It’s time to create an environment and culture that welcomes the inherent fears and curiosities of EV buyers, and those who aren’t EV buyers-yet. - IMAGE: Getty Images

It’s time to create an environment and culture that welcomes the inherent fears and curiosities of EV buyers, and those who aren’t EV buyers-yet.

IMAGE: Getty Images

The shift to electric vehicles (EV) will not happen with the flick of a switch. There will be early adopters and those who are resistant to change. If you visit any comment section of an EV social media post, you’ll be welcomed by suggestions that the grid isn’t ready, windmills aren’t the answer, and sound matters almost as much as performance. People love change, if almost nothing changes. The comfort of the familiar must be maintained in some form for easy adoption to follow.


As humans, we trend towards efficiency. Information that used to take days, weeks, months, and even years to travel the globe, can now happen instantaneously. Efficiency is driven by reaching new milestones and figuring out what could have been done differently to achieve what has been accomplished while burning less time and other resources. The auto industry has traditionally transformed the way the world turns. The time has come for all of us to transform again, driving efficiencies and ushering in a new wave of speed, spirited driving, and waking up every morning to a vehicle whose energy has been replenished overnight and is ready for whatever its owner sets out to do for the day.


The decision has been made — U.S. and global leaders are pushing the EV transition forward. Manufacturers and brands are investing billions of dollars into research and development of new vehicles as well as the required infrastructure that will be needed to power this new transportation category. If the signals we’ve received from these large, powerful organizations is of any significance, there are simply only two types of customers that exist today — EV buyers and people who aren’t EV buyers, yet.

Dealers who take the time to recognize the opportunity to reestablish the foundation on which their stores have been built during the past few decades will be tomorrow’s leading organizations. As Jack Welch stated, “If the rate of change on the outside exceeds the rate of change on the inside, the end is near.”


By the end of 2022, Tesla will have delivered more than four million vehicles with a model that does not include an inventory-rich brick and mortar store with an onsite sales team. Tesla spends more on research and development than any automaker in the world and spends very little on advertising, yet is the most valuable automaker worldwide as measured by market cap.

Is your dealership prepared for the EV buyer? Are you planning for and providing the information and training required to answer consumer questions? Do you have a staff of forward thinking, opportunity-seeking people?

As brands begin to deliver their first and second generation of EVs, we need to realize that the nostalgia of a rumbling engine, the scent of burned gasoline, and simple repairs of carburetors and other mechanical components will be a thing of the past. The best part is no part, and having your uncle provide a repair solution in his driveway will soon be something only visualized in movies and memories. Buyers are aware that EVs have fewer mechanical parts resulting in less frequent repairs, however, the public fears change, which presents an opportunity to satisfy these apprehensions with products and services designed to do so.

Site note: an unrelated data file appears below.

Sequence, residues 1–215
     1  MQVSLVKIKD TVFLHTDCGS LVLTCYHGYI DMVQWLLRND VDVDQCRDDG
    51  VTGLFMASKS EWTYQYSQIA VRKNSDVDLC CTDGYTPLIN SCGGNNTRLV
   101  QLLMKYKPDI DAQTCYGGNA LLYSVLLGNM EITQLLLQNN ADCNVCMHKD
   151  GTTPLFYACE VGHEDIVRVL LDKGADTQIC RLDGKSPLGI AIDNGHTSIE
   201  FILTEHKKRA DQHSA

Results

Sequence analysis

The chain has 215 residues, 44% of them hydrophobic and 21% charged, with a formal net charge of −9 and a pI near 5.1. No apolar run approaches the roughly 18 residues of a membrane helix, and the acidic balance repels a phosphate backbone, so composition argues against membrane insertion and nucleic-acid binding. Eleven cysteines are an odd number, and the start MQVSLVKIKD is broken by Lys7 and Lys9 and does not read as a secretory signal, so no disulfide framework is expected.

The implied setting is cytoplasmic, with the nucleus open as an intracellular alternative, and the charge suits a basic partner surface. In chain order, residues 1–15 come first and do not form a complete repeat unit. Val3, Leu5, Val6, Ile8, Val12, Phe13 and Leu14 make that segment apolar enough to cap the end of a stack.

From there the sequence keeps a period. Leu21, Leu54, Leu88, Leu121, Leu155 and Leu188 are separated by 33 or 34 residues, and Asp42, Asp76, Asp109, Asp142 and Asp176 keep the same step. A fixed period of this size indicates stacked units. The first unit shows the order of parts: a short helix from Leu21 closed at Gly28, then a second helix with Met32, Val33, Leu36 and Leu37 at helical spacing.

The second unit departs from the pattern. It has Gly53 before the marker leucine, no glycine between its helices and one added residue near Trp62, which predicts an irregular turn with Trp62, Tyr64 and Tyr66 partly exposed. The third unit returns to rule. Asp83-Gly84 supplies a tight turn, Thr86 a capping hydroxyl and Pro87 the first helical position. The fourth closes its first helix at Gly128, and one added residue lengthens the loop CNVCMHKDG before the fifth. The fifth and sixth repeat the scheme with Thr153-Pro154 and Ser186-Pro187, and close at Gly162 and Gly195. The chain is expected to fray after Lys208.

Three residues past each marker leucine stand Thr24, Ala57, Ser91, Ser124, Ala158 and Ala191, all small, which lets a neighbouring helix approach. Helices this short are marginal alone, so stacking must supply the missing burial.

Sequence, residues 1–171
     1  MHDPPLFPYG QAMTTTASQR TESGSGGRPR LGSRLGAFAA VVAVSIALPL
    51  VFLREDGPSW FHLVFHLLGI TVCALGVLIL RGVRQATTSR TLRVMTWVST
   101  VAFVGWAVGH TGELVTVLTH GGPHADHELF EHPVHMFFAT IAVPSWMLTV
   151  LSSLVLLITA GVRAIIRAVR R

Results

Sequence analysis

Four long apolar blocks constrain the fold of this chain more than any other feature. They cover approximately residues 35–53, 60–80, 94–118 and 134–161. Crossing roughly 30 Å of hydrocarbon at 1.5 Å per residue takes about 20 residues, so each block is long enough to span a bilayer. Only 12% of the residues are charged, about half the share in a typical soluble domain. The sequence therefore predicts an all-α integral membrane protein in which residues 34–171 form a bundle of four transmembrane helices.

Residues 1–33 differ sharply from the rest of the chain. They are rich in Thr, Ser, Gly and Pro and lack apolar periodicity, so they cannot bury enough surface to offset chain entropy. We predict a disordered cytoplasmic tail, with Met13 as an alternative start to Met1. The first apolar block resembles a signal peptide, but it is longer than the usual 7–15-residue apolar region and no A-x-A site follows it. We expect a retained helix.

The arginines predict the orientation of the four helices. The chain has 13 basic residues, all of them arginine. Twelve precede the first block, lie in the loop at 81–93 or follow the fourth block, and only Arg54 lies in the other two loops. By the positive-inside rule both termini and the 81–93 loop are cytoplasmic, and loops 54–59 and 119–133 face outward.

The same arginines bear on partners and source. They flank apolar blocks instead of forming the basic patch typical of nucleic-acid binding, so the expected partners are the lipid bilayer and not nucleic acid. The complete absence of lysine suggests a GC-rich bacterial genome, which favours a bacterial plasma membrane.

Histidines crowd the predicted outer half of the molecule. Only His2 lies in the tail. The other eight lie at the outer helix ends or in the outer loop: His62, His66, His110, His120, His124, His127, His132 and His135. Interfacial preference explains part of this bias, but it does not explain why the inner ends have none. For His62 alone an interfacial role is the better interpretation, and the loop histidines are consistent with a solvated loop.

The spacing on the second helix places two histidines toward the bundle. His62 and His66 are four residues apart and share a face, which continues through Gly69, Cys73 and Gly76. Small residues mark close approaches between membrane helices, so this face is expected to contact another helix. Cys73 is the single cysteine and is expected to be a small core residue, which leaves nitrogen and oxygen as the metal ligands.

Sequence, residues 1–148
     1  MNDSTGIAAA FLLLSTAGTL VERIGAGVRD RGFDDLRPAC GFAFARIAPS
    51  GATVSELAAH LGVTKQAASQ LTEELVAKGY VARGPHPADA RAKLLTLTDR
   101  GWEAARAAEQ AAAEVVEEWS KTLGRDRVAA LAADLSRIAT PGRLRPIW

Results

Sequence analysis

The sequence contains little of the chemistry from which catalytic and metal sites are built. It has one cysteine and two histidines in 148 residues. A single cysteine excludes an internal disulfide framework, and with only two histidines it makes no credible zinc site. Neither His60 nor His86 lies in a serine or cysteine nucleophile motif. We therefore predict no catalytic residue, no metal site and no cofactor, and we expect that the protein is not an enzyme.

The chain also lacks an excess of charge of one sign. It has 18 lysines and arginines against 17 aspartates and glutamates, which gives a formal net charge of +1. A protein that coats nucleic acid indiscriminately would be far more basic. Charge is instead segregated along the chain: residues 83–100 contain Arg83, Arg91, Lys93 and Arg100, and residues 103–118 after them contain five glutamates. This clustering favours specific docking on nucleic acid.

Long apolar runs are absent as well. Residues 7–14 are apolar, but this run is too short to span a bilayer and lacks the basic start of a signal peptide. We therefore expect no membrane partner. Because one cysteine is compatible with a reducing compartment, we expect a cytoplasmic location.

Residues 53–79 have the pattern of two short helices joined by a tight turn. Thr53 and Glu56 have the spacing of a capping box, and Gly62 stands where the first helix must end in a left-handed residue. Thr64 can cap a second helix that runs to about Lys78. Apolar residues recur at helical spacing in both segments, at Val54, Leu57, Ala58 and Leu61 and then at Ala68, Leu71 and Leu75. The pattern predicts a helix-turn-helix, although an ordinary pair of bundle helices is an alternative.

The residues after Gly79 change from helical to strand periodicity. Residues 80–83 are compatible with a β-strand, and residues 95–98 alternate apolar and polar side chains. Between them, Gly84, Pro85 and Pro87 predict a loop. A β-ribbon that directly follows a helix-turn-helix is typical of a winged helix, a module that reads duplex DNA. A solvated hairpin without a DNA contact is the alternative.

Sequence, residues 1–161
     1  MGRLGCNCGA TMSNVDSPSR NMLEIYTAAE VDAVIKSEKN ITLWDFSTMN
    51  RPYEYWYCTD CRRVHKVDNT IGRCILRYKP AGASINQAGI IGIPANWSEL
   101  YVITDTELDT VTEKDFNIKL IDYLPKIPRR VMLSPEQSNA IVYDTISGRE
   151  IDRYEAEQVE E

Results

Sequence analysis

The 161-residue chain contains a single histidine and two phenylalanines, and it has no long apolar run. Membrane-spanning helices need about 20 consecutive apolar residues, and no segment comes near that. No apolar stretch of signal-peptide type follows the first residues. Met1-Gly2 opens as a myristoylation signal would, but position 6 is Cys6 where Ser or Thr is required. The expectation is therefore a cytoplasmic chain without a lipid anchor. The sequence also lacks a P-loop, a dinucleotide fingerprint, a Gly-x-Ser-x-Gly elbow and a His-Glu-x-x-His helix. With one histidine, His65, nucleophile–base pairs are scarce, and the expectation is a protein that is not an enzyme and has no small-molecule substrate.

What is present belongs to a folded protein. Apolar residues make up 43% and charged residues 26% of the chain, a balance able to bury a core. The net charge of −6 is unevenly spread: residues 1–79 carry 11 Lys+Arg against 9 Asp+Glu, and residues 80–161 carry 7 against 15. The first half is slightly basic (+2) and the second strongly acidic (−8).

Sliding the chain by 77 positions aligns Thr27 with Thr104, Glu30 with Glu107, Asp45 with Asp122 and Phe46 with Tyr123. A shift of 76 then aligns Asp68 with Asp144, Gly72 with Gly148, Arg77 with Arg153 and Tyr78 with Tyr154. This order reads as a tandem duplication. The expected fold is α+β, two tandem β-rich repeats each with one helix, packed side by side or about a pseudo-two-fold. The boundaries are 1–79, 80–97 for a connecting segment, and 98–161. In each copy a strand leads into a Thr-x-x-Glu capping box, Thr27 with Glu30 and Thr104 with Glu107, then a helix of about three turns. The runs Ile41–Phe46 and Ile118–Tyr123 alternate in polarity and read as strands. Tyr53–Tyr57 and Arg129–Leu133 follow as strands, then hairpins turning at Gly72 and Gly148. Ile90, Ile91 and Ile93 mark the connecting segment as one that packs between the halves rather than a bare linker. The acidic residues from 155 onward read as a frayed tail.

EV home chargers can provide the energy required to handle hundreds of miles of travel with a fraction of the energy it takes to power a vehicle using gasoline. As Einstein stated, energy cannot be created nor destroyed, it can only be changed from one form to another. For every five dollars of gas pumped into a car, approximately one dollar of it is expended to propel the vehicle forward. The rest is lost to heat and other parasitic auxiliary components that draw away energy. This means that even though the memes and rhetoric repeated in social media echo chambers show truckloads of coal labeled as “EV fuel,” which may be true on the surface, the entire story tells a much different tale.

If our power grids were fueled by 100% coal, more than 30% less energy is needed to propel streets full of EVs compared to gas vehicles. Change from coal to powering the grids with natural gas, and the disparity climbs to more than 50%. Adding in hydropower and other renewables, we could be using up to 75% less energy overall. This is the information missing from the “go green” conversations. The benefits in performance and overall ownership experience are now the main reasons consumers are choosing an EV, not their love for granola and the Grateful Dead, as we saw in the boom of the Prius.


Summing it up with a cliché — an ounce of preparation prevents a pound of cure. Dealer principals and general managers need a preparation strategy starting with their most valuable asset — their people. All levels of employees need to be provided with the appropriate and accurate information regarding current and upcoming EVs that will be sold. They need to immerse themselves with the details of the vehicles with a good understanding of charge port locations and availability of chargers. These vehicles should be driven, their touchscreens poked, and their advanced features utilized. Empower them with knowledge and the experience of operating these exciting new vehicles. Invest in on-site rapid chargers for staff and customers. Provide sales teams with programs and solutions that are exclusively designed for EVs.

It’s time to create an environment and culture that welcomes the inherent fears and curiosities of EV buyers, and those who aren’t EV buyers, yet.

ABOUT THE AUTHOR: Eric Mioducki is an account executive at Intrepid Automotive.

Originally posted on F&I and Showroom